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Physcial Sciences Division
Research Highlights

March 2015

Water and the Changing Structure of Zeolites

Atoms crowd and abandon catalyst's internal channel surfaces, changing its ability to drive reactions

Journal of Physical Chemistry C cover
Led by scientists at Pacific Northwest National Laboratory, researchers discovered how water changes the channel of the catalyst known as H-Beta zeolite. The team found that adding water changes the environment around the catalyst's aluminum atoms, which are at the heart of converting biomass into fuel. The research was featured on the front of the Journal of Physical Chemistry C. Copyright 2015: American Chemical Society Enlarge Image.

Results: Simple improvements to a bland-looking catalyst could change biofuel refining; the challenge is discovering how the catalyst truly works. Led by scientists at Pacific Northwest National Laboratory, a team answered a key question: how does adding water change a dehydrated aluminum- and silicon-based catalyst known as H-Beta zeolite. The team watched as water was added. Spots inside the catalyst's channel—the pores that dot the catalyst's surface—shifted as more water molecules crowd around certain aluminum atoms, which are responsible for the catalyst getting the job done. The channel continued to change as more water was added.

"For porous catalysts, the things that are important often happen in the channel," said Dr. Jianzhi Hu, a scientist at PNNL. "Here, only a little bit of the channel is changing. Can we use that change to make a better catalyst? That's what we want to know."

Why It Matters: Used extensively in industry today, H-Beta and other zeolites are promising catalysts that turn biomass into transportation fuels, but the activity and stability of this class of materials (see sidebar) is challenging to understand and predict. Of particular interest are the aluminum ions in the zeolite lattice. This study, which was featured on the cover of Journal of Physical Chemistry C, provides insight about the dynamic environment around the aluminum atoms. The results could help design new catalysts and improve existing ones, increasing the efficiency of producing fuels and chemicals alike.

Methods: To study the catalyst as it went from dehydrated to hydrated, the team used high-field 850-MHz solid-state nuclear magnetic resonance spectrometer at DOE's EMSL, a national scientific user facility. "You can't get the desired spectral quality (both spectral resolution and line shape) with lower power instruments," said Hu. "The high-field NMR allows this type of investigation."

They found that hydrating the catalyst changed the number of oxygen atoms around some aluminum atoms. The extra-framework aluminum started with five oxygens nearby, a state known as penta-coordinated. As water was added, oxygen atoms from water molecules moved in to interact with the penta-site, changing it to sites similar to the octahedral-aluminum sites. More water breaks the framework's aluminum-to-oxygen-to-silicon bond, resulting in dealumination.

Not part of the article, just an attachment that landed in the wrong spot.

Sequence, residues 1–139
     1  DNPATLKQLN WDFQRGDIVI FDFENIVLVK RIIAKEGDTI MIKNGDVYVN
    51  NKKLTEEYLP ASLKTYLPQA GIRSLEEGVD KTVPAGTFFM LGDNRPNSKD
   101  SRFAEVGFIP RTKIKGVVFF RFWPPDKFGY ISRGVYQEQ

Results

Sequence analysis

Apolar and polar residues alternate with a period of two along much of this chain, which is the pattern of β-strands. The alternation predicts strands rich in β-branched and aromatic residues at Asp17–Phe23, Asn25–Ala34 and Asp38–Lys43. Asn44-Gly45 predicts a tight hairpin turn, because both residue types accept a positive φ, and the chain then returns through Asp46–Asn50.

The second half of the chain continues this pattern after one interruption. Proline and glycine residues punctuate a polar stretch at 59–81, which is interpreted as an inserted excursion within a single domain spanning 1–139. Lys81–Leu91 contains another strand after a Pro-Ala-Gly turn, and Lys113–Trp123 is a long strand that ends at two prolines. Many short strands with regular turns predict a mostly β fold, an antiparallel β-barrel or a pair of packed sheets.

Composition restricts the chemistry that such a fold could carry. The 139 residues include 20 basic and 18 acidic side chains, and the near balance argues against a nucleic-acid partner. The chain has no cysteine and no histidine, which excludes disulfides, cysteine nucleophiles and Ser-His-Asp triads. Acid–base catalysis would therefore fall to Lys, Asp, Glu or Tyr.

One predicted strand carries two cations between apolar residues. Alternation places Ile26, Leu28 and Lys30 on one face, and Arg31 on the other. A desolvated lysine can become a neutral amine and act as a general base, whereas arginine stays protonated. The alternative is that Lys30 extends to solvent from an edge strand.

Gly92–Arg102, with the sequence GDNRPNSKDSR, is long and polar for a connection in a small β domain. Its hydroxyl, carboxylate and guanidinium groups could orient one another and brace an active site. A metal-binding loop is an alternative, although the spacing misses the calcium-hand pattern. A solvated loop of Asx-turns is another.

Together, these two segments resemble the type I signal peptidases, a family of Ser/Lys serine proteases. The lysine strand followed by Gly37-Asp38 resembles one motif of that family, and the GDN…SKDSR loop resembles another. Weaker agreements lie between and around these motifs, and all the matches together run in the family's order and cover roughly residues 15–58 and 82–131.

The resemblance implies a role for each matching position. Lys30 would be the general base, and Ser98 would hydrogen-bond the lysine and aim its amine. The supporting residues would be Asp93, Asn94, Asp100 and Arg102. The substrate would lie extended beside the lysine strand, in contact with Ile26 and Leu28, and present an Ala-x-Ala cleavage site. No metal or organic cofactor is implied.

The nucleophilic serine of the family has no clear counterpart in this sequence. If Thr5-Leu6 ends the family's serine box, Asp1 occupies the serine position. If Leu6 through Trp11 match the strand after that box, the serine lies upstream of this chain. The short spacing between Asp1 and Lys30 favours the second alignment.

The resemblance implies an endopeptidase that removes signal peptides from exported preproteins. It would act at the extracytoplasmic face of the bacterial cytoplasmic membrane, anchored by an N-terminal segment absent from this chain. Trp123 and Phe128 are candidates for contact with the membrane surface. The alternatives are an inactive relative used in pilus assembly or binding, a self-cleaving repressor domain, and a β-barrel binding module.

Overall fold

Further, they discovered that some of the extra-framework aluminum atoms on the catalyst's periphery move back into the framework during rehydration. The move is attributed to the aluminum atom's high mobility and activity, especially in H-Beta zeolite.

What's Next? The researchers are continuing to discover the catalyst's inner workings to provide important information for optimizing the performances of zeolites.


Sponsor: This research was supported by the U.S. Department of Energy (DOE), Office of Science, Office of Basic Energy Sciences, Division of Chemical Sciences, Geosciences, and Biosciences.

User Facility: All of the NMR experiments were performed in EMSL, a national scientific user facility sponsored by the DOE's Office of Biological and Environmental Research and located at PNNL.

Research Team: Zhenchao Zhao, Pacific Northwest National Laboratory and Xiamen University;  Suochang Xu and Xinhe Bao, Chinese Academy of Sciences; Mary Y. Hu, Charles H. F. Peden, and Jianzhi Hu, Pacific Northwest National Laboratory

Reference: Zhao Z, S Xu, MY Hu, X Bao, CHF Peden, and JZ Hu. 2015. "Investigation of Aluminum Site Changes of Dehydrated Zeolite H-Beta during a Rehydration Process by High Field Solid State NMR." Journal of Physical Chemistry C 119(3):1410-1417. DOI: 10.1021/jp509982r

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Zeolites provide a highly regular network of pores and internal cavities where reactions important to biofuel refining and the petrochemical industry occur. Zeolites are composed of a combination of silicon, oxygen, and aluminum atoms. While naturally occurring zeolites are found and mined worldwide, zeolites used as catalysts are industrially synthesized.